With a charming cast of characters like flamboyant and gorgeous dance phenom Alec, cruel dance teacher Millicent Moore, singer/songwriter Fletch, mean girls Natasha and Jade, and terrifying martinet Cecile Duke, the plot moves along in a way that is comforting if a little predictable. Fans of Singin’ in the Rain will know exactly where the story is going, but they will enjoy getting there tremendously.
The Disney versions of the fairy tales that most Americans grew up with were not the tales I was used to. The version of Cinderella I grew up with for example, was based on the Brothers Grimm story where the step-sisters each cut off parts of their feet to fit into the glass slipper. Cinderella also exacts vengeance on her sisters, summoning doves to peck out their eyes after her wedding to the prince. Bedtime stories for little children, these were not.
It’s been twenty years since we met those typing cows, and Farmer Brown is tired. (Well. Aren’t we all?) It’s time to unplug and go to sleep. The cows, sheep, and chickens are all ready for bed. Why can’t Duck sleep?
Madeline Finn is a young girl with a big white dog named Star. Is he a lab? Is he a Great Pyrenees? Does it matter? No. He is adorable, and so is she. Madeline is training Star to be a therapy dog. They practice meeting people, sitting still, and meeting other dogs. Then it’s time for Star’s first of three tests at the retirement home. He passes with flying colors.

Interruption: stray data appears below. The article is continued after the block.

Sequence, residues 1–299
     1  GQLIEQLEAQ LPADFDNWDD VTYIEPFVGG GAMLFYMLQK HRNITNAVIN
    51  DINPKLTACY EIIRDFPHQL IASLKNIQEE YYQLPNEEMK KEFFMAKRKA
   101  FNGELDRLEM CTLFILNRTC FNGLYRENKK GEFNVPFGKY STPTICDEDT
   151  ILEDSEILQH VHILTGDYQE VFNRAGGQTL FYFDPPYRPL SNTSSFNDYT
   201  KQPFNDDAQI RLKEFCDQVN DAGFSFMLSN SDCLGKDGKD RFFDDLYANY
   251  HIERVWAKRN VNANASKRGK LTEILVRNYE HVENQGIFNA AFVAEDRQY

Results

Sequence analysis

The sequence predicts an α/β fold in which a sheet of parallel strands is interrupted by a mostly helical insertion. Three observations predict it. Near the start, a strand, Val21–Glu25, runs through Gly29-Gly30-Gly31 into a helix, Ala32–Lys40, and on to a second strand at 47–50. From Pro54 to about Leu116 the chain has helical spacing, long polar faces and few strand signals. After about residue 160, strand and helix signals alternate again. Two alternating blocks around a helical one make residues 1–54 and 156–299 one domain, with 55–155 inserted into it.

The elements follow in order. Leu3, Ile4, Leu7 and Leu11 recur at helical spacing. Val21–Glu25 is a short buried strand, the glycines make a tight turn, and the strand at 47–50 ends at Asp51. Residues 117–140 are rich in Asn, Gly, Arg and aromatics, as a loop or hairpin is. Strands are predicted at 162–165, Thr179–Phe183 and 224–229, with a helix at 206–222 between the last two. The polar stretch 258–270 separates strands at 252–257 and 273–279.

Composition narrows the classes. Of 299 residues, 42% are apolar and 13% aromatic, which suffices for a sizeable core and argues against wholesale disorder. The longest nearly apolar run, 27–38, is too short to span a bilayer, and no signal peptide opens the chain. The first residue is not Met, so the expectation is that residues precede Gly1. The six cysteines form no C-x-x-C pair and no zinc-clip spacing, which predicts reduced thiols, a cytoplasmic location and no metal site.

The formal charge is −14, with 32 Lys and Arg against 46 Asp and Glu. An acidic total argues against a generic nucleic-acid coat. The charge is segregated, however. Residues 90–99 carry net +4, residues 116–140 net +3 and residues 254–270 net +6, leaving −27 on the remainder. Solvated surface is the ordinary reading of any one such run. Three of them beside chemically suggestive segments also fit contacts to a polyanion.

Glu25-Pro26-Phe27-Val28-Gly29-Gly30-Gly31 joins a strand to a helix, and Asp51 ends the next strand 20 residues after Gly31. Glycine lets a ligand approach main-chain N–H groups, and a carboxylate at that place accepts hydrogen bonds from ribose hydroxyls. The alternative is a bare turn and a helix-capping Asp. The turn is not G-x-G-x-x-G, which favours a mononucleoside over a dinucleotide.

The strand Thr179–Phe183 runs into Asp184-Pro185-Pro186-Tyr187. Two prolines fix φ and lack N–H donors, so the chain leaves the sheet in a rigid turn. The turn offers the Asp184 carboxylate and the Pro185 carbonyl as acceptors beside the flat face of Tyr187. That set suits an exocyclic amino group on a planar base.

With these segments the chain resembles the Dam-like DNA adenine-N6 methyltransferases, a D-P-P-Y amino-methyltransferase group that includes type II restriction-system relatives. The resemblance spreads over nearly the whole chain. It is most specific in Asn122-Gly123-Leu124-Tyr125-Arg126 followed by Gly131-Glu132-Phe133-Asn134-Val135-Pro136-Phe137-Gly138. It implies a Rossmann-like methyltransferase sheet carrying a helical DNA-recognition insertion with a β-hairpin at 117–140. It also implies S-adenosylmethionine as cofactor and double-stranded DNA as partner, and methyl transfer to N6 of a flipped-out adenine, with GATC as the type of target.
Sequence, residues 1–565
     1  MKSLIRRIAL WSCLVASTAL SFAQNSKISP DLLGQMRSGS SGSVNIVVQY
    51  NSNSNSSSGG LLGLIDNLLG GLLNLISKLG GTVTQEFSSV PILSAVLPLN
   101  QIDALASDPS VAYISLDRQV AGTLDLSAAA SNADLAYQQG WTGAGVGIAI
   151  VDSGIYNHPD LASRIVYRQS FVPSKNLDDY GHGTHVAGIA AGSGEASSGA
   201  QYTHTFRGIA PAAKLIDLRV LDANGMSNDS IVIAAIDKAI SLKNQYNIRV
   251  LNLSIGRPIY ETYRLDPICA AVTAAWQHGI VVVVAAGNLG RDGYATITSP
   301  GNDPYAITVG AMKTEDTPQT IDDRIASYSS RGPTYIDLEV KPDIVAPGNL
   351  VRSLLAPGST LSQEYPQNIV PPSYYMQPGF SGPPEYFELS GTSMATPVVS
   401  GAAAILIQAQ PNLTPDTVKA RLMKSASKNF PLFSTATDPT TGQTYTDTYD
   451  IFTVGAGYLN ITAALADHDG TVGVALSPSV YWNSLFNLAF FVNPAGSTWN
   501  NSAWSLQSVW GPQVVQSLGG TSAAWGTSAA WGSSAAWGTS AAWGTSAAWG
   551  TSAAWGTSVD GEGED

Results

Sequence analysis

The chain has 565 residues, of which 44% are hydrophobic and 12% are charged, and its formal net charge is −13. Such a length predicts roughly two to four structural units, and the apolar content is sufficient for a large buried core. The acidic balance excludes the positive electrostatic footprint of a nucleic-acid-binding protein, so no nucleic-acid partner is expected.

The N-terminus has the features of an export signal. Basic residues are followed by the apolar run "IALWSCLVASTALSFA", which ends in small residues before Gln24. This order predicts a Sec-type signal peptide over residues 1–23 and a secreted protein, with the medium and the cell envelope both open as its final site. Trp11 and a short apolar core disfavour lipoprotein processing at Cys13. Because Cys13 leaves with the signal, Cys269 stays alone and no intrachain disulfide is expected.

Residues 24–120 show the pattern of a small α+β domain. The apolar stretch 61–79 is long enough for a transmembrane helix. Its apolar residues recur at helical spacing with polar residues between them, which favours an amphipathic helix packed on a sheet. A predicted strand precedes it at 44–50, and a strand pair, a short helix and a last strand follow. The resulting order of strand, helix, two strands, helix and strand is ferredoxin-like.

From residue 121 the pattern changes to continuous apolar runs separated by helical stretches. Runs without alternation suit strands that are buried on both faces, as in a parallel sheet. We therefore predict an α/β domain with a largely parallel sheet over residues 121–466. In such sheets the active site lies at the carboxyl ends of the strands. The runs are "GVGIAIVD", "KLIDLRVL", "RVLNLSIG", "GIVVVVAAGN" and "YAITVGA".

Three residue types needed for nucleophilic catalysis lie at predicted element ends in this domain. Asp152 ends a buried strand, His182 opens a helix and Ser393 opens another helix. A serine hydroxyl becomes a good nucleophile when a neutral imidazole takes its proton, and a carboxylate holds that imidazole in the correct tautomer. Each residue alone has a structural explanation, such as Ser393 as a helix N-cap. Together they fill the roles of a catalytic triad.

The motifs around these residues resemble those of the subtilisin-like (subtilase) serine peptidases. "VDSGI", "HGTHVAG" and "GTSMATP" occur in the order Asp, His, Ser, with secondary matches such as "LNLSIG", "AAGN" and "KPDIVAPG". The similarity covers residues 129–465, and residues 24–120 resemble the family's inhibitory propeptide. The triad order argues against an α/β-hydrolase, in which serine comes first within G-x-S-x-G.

I’ll Believe You WhenAuthor: Susan SchubertIllustrator: Raquel BonitaLantana Publishing/Lerner BooksAges: 7 to 8 I love idioms. They are probably the most playful part of any
Our hero is a sweet little bear, who one day chances to come across a red balloon. (Why are they always red? If you don’t have “99 Luftballons” in your head, you are not as old as I am.) The bear is enchanted by the simple pleasures of playing with a balloon, and proceeds to show his new playmate his home.
Now that my kids are six, I can look back at their toddlerhood with a nostalgia born of the security of time and distance. This book was a little bit of an unexpected gut punch.
Little e is a cute little letter who knows he is a hero; after all, he comes from a long line of distinguished Es.
Now if only he can prove it. He has his cape at home and dreams of being a hero, but at school no one pays him any attention. Probably because he doesn’t have much to say.
Written in a breezy, conversational style, the book is a quick read, for all its depth. Felix is engaging, appealing, and faces the most appalling adult dilemmas with grit and grace. His plight will be great fodder for discussion in the classroom or around the dinner table.